• Given in large doses, fly agaric first increases, and then decreases blood pressure. Increase in respiratory rate, followed by a decrease in respiratory rate has also been noted. Skin may be warm and flushed. Fly agaric toxicity is characterized by nausea, heavy vomiting, and severe diarrhea. In near fatal doses, Amanita muscarina causes swollen features, rage and madness, characterized by bouts of mania, followed by periods of hallucination.
  • Theoretically, airborne agaric may cause chronic sinusitis (inflammation of the sinuses) or other respiratory conditions.
  • Liver damage, liver failure, and death have occurred in people taking related mushroom species, namely Amanita phalloides (death cap) or Amanita virosa (deadly agaric). There are no available reports of liver damage from Amanita muscarina.

Pregnancy and Breastfeeding

  • Agaric is not recommended for pregnant or lactating women because of potential adverse effects.

Interactions

Interactions with Drugs

  • Based on reported adverse effects of agaric, significant interactions may occur. Patients taking any medications should consult with a qualified healthcare professional, including a pharmacist.
  • Agaric may cause changes in blood pressure. Thus, patients using blood pressure lowering medications should consult with a qualified healthcare professional, including a pharmacist.

Interactions with Herbs and Dietary Supplements

  • Based on reported adverse effects of agaric, significant interactions may occur. Patients taking herbs and supplements should consult with a qualified healthcare professional, including a pharmacist.
  • Agaric is abundant in selenium and may have additive effects when taken with other herbs and supplements that contain selenium. Caution is advised.

Attribution
  • This information is based on a systematic review of scientific literature edited and peer-reviewed by contributors to the Natural Standard Research Collaboration (www.naturalstandard.com).

Bibliography
  1. Beavis AD. Properties of the inner membrane anion channel in intact mitochondria. J Bioenerg.Biomembr. 1992;24(1):77-90.
  2. Benjamin DR. Mushroom poisoning in infants and children: the Amanita pantheria/muscaria group. Journal of Toxicology: Clinical Toxicology 1992;30(1):13-22.
  3. Falandysz J. [Selenium in selected species of mushrooms from Poland]. Rocz.Panstw.Zakl.Hig. 2003;54(3):249-254.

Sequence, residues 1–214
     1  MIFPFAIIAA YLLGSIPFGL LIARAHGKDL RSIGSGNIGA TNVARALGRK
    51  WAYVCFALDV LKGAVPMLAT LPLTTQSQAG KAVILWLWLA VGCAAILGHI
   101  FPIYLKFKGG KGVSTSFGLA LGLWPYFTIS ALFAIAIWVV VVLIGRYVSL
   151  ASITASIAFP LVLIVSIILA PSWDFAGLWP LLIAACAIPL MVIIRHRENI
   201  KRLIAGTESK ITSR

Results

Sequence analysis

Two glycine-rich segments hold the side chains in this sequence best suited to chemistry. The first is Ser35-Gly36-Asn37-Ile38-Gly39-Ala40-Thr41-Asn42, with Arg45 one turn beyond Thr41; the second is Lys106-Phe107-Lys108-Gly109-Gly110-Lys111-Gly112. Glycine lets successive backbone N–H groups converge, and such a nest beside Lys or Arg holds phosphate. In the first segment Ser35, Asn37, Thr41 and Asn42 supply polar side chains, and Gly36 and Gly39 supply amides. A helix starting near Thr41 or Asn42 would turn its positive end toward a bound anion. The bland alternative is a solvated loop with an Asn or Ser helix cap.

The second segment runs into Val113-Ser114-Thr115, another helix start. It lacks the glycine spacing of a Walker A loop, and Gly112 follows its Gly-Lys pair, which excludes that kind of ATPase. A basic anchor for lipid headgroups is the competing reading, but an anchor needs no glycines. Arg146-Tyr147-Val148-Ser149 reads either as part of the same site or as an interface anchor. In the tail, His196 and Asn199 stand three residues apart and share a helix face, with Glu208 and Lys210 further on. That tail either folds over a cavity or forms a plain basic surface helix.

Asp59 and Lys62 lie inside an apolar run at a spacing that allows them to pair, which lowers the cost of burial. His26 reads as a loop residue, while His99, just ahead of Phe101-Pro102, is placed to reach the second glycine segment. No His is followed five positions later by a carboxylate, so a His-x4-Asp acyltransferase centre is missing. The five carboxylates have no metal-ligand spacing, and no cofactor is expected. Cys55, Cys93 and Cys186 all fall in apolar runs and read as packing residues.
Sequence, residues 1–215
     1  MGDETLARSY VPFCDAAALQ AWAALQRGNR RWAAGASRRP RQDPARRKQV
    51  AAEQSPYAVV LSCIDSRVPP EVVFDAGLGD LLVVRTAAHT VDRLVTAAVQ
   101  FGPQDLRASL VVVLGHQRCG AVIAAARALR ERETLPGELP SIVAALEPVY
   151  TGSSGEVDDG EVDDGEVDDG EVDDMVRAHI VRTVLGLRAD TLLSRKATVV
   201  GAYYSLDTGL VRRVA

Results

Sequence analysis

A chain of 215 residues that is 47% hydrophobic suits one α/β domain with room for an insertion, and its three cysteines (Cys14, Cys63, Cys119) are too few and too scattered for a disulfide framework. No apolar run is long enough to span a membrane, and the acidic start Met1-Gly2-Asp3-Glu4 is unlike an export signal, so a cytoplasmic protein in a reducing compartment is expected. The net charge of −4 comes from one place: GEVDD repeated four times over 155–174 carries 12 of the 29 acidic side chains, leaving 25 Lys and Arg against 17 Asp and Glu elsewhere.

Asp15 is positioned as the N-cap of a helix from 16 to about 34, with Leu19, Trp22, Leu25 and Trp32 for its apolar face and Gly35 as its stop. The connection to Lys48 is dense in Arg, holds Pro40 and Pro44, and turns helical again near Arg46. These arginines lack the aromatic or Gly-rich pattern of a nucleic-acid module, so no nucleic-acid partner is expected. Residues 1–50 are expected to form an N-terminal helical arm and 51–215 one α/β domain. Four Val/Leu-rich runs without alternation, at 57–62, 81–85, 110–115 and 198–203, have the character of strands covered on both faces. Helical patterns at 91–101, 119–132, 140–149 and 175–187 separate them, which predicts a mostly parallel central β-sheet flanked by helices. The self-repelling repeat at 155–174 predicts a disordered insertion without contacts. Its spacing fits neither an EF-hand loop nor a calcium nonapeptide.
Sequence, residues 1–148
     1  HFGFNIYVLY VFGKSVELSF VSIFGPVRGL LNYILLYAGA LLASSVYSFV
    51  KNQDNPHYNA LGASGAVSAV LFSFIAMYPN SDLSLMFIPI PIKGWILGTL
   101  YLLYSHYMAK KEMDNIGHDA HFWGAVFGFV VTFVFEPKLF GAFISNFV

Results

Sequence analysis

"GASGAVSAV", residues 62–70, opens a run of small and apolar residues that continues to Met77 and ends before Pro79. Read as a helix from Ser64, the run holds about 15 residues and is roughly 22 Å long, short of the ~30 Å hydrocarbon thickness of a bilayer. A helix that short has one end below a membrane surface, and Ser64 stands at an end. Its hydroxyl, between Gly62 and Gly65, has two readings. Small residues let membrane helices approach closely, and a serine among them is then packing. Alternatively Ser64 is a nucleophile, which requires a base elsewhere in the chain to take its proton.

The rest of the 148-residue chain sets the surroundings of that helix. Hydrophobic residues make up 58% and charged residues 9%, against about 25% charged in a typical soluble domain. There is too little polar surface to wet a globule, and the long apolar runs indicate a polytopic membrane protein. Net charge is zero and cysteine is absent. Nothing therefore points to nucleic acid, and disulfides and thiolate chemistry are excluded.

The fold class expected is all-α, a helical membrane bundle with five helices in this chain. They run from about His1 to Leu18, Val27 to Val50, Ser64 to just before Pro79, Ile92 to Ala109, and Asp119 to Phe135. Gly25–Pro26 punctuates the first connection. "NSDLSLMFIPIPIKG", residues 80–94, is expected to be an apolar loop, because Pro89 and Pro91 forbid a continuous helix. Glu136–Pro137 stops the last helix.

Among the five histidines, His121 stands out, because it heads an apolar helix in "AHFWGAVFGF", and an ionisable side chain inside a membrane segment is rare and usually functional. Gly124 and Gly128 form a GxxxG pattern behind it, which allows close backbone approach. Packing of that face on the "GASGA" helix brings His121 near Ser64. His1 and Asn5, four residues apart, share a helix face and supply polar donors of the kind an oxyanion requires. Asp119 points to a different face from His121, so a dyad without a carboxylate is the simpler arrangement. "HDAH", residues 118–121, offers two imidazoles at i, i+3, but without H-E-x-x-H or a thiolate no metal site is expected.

4. Falandysz J, Jedrusiak A, Lipka K, et al. Mercury in wild mushrooms and underlying soil substrate from Koszalin, North-central Poland. Chemosphere 2004;54(4):461-466.
  5. Falandysz J, Lipka K, Gucia M, Kawano, et al. Accumulation factors of mercury in mushrooms from Zaborski Landscape Park, Poland. Environ.Int. 2002;28(5):421-427.
  6. Garcia N, Zazueta C, Pavon N, et al. Agaric acid induces mitochondrial permeability transition through its interaction with the adenine nucleotide translocase. Its dependence on membrane fluidity. Mitochondrion. 2005;5(4):272-281.
  7. Hajicek-Dobberstein S. Soma siddhas and alchemical enlightenment: psychedelic mushrooms in Buddhist tradition. J Ethnopharmacol. 1995;48(2):99-118.
  8. Hood RL, Beitz DC, Johnson DC. Inhibition by potential metabolic inhibitors of in vitro adipose tissue lipogenesis. Comp Biochem.Physiol B 1985;81(3):667-670.
  9. Lacaz CdaS, Heins-Vaccari EM., De Melo NT, et al. Basidiomycosis: a review of the literature. Rev Inst.Med.Trop.Sao Paulo 1996;38(5):379-390.
  10. Madsen S, Jenssen KM. [Poisoning with deadly agaric (Amanita virosa). Symptoms, diagnosis and treatment]. Tidsskr.Nor Laegeforen. 5-30-1990;110(14):1828-1829.
  11. McCune SA, Foe LG, Kemp RG, et al. Aurintricarboxylic acid is a potent inhibitor of phosphofructokinase. Biochem.J 5-1-1989;259(3):925-927.
  12. Michelot D, Melendez-Howell LM. Amanita muscaria: chemistry, biology, toxicology, and ethnomycology. Mycol.Res 2003;107(Pt 2):131-146.
  13. Powers MF, Smith LL, Beavis AD. On the relationship between the mitochondrial inner membrane anion channel and the adenine nucleotide translocase. J Biol.Chem 4-8-1994;269(14):10614-10620.
  14. Satora L, Pach D, Butryn B, et al. Fly agaric (Amanita muscaria) poisoning, case report and review. Toxicon 6-1-2005;45(7):941-943.
  15. Xu ZX, Smart DA, Rooney SA. Glucocorticoid induction of fatty-acid synthase mediates the stimulatory effect of the hormone on choline-phosphate cytidylyltransferase activity in fetal rat lung. Biochim.Biophys Acta 5-1-1990;1044(1):70-76.

Copyright © 2011 Natural Standard (www.naturalstandard.com)


The information in this monograph is intended for informational purposes only, and is meant to help users better understand health concerns. Information is based on review of scientific research data, historical practice patterns, and clinical experience. This information should not be interpreted as specific medical advice. Users should consult with a qualified healthcare provider for specific questions regarding therapies, diagnosis and/or health conditions, prior to making therapeutic decisions.